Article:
Marilynne Robinson

BOB ABERNETHY, host: We have a profile of the much-honored writer Marilynne Robinson. She received the Orange Prize for fiction this past summer, in Britain, for the best writing in the English language by a woman. Five years ago, she won a Pulitzer Prize for her novel Gilead, and her latest book, Home, has also had glowing reviews. Robinson is a mainline Protestant with great respect for Calvinist theology and strong opinions about the world around her.

Marilynne Robinson’s view of the world was formed in the mountains of Idaho, where she grew up. In the solitude and wilderness she sensed a larger presence.

MARILYNNE ROBINSON: That never felt like emptiness. It always felt like presence. It always seemed as if there was something extraordinary around me. The holy is at the origins of everything that exists. Everything.

(reading aloud from one of her essays): “So I have spent my life watching, not to see beyond the world, merely to see, great mystery, what is plainly before my eyes.”

ABERNETHY: In Iowa, where she lives now, teaching writing at the University of Iowa, Robinson tells her students to think for themselves.

ROBINSON: I want them to know that they have their own testimony to offer, that if they are good observers, if they are thoughtful people, if they have the courage to evaluate things independently they will give the world something new, something worth having.

ABERNETHY: Which is exactly what her admirers say Robinson herself has done.

Robinson is a regular churchgoer at the Congregational United Church of Christ in Iowa City, and she sometimes preaches there.  She loves the old Protestant Mainline.

ROBINSON: I think of them as being people who are serious about things that deserve, you know, serious attention, for example, social problems. They are very open to acknowledging the value of other religious traditions and tend very much away from harsh judgments.

ABERNETHY: Robinson has great respect for the 16th-century reformer John Calvin, who she says was far more compassionate than his stern reputation suggests—for instance, about forgiveness.

ROBINSON: The assumption is that forgiveness is owed wherever God might want forgiveness to be given, and we don’t know, so you err on the side of forgiving. You assume your fallibility, and you also assume that anybody that you encounter is precious to God—or is God himself.

ABERNETHY: So you cannot judge. You have to forgive. But Robinson is very critical of the work of the so-called new atheists.

ROBINSON: I think this sort of avalanche of literature we have gotten lately is very second-rate. It simply is not well informed and not well considered. I mean I consider it to be kind of noise.

ABERNETHY: She is deeply worried about the degradation of the earth’s environment, especially its oceans, and she is scathing on popular, commercial culture.

ROBINSON: The idea that everything always has to push some extreme, you know, be more violent, be more sort of disrespectful of human life, and so on—there’s a cynicism about it, things that have to do with mayhem, that make it look like it would be a lot of fun, you know, to wipe out your adversaries or something like that, that really treat people like dispensable, you know, items.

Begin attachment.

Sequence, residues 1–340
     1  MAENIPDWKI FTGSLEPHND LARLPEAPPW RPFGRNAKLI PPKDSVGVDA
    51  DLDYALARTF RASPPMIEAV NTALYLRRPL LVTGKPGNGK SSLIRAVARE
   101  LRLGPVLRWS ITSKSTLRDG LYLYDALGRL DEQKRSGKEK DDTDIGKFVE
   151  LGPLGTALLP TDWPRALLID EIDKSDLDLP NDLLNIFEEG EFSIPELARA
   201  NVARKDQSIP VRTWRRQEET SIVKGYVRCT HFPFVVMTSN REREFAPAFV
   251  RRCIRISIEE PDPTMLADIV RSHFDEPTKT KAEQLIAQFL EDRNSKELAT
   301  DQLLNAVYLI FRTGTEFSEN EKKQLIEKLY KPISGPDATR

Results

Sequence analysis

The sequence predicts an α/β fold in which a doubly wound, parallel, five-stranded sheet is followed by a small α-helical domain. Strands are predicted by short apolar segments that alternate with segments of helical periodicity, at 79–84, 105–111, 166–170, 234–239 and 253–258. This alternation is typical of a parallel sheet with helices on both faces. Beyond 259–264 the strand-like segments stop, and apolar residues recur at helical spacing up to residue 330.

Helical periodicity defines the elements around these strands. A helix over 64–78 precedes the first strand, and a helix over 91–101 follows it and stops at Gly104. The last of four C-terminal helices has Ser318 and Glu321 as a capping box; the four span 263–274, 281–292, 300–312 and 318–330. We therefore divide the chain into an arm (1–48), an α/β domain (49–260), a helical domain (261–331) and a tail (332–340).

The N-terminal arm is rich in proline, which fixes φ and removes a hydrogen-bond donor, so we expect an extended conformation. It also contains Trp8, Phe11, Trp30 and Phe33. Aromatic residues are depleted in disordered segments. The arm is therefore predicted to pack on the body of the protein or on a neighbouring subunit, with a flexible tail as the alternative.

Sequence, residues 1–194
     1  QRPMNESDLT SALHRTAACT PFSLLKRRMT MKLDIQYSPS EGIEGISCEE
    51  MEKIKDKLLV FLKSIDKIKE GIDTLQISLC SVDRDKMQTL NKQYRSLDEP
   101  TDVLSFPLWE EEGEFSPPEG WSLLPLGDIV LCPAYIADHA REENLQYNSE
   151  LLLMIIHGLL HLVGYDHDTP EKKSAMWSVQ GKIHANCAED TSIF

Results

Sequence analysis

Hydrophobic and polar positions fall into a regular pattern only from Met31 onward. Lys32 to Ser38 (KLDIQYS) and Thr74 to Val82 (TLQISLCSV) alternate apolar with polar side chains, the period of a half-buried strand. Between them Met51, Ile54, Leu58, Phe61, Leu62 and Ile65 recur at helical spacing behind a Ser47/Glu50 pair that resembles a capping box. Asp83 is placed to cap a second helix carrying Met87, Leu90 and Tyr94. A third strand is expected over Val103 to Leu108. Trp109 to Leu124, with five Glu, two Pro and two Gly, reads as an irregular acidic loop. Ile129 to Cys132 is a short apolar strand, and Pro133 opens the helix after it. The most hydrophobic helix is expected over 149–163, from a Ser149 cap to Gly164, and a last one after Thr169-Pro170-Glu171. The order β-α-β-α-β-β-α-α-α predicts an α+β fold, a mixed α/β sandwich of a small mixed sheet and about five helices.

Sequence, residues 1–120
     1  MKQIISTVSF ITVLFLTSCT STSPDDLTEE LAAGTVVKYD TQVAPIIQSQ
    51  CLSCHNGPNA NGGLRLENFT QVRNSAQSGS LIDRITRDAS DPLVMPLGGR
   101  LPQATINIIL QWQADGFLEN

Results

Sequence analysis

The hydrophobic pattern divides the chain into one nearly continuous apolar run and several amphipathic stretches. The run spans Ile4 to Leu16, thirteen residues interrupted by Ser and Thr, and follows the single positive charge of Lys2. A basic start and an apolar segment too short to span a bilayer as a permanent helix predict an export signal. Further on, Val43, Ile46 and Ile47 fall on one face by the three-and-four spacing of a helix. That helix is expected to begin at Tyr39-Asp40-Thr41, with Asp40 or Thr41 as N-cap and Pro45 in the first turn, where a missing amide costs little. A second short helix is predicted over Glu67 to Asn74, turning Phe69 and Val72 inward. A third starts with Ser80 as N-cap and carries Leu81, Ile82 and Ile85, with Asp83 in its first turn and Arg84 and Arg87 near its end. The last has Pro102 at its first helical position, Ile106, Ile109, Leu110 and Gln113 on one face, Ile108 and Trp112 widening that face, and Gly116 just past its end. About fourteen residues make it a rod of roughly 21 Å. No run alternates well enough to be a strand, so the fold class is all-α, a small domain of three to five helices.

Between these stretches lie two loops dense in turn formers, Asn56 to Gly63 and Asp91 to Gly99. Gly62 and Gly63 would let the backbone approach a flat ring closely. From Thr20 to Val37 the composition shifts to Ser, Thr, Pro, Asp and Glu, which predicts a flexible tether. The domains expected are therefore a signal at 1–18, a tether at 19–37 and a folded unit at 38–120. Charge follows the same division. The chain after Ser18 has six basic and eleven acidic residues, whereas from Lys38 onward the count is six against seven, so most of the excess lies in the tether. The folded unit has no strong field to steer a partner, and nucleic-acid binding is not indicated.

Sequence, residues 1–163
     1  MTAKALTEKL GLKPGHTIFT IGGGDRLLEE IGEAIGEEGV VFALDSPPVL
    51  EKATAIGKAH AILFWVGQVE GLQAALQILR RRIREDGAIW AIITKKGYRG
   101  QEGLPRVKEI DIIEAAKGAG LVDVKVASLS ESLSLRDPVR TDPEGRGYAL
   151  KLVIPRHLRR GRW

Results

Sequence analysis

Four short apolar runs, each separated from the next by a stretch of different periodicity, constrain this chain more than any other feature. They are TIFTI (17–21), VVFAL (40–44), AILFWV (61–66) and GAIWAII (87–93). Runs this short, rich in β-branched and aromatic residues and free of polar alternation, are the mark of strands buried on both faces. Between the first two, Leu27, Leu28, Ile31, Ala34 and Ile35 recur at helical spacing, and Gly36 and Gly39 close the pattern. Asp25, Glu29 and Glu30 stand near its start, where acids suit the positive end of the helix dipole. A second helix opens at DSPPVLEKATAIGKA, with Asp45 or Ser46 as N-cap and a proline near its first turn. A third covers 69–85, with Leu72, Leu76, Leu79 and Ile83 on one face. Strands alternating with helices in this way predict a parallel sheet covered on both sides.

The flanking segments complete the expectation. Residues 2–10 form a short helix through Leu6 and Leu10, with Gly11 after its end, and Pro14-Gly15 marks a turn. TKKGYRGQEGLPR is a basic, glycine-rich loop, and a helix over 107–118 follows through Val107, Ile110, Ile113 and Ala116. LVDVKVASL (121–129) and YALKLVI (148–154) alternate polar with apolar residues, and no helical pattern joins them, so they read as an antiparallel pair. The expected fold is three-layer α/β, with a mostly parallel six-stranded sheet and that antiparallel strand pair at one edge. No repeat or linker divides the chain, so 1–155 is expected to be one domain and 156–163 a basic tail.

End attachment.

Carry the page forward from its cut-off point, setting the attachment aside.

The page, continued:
ABERNETHY: Do you see it as a barrier to religious life?

ROBINSON: I think it’s a severe distraction. We have to think that people are sacred. Human beings have to be considered sacred. That’s the beginning.

ABERNETHY: And the political climate?

ROBINSON: It’s a little shocking when you hear people say, like about this health thing we’re going through now, what’s in it for me, you know? That’s a huge change in the basic values of the culture. I got sort of tired when I was a kid of hearing people say you have to leave the world better than you found it. But now I think I would burst into tears if somebody said that to me—just, what a lovely thought, you know?

ABERNETHY: In spite of her love of solitude and lonely observation, Robinson’s reputation as a novelist and her strong opinions have made her a popular speaker—a soft-spoken prophet. At a forum at Georgetown University she was asked about being a contrarian:

ROBINSON (speaking at Georgetown University): I don’t feel as if I am contrarian. I feel as if everyone else is. No, that’s an exaggeration, but I do think there is a great deal in the culture that abrades and offends people in general.

ABERNETHY: She made it clear that at the same time that she embraces Christianity she is also respectful of the secular.

ROBINSON (speaking at Georgetown University): I know many, many, many, many people who authentically deserve to be described in that word whom I cannot imagine that God would not love. I have no conception of God that would not include love for these people.

A lot of the things that I criticize, I think, are in their impact inhumane. My loyalty really is to human loveliness, and the deep experience of self that every self deserves, you know, and the deep acknowledgment that everyone owes to everyone else.

If you were to think of yourself looking back on life, I think that some of the things that would please you most deeply are that at some moment you were—you comforted your child, or in one way or another you soothed, you fed, you were adequate, you know? These things are very beautiful and, I think, sacramental.

ABERNETHY: Back in her house in Iowa City, Robinson writes in whatever room she feels will be the most supportive. She is working now on a book about the Bible. She writes fiction in longhand with a ball-point pen in a college-ruled spiral notebook. Nonfiction goes in her computer. She also walks her toy poodle, Otis, named for the late musician Otis Redding. As she walks, she says, she thinks—how to fix “the rattle,” as she called it, in a sentence she had just written. Maybe, too, how to fix the world she says, echoing Calvin, the world God has given us to enjoy.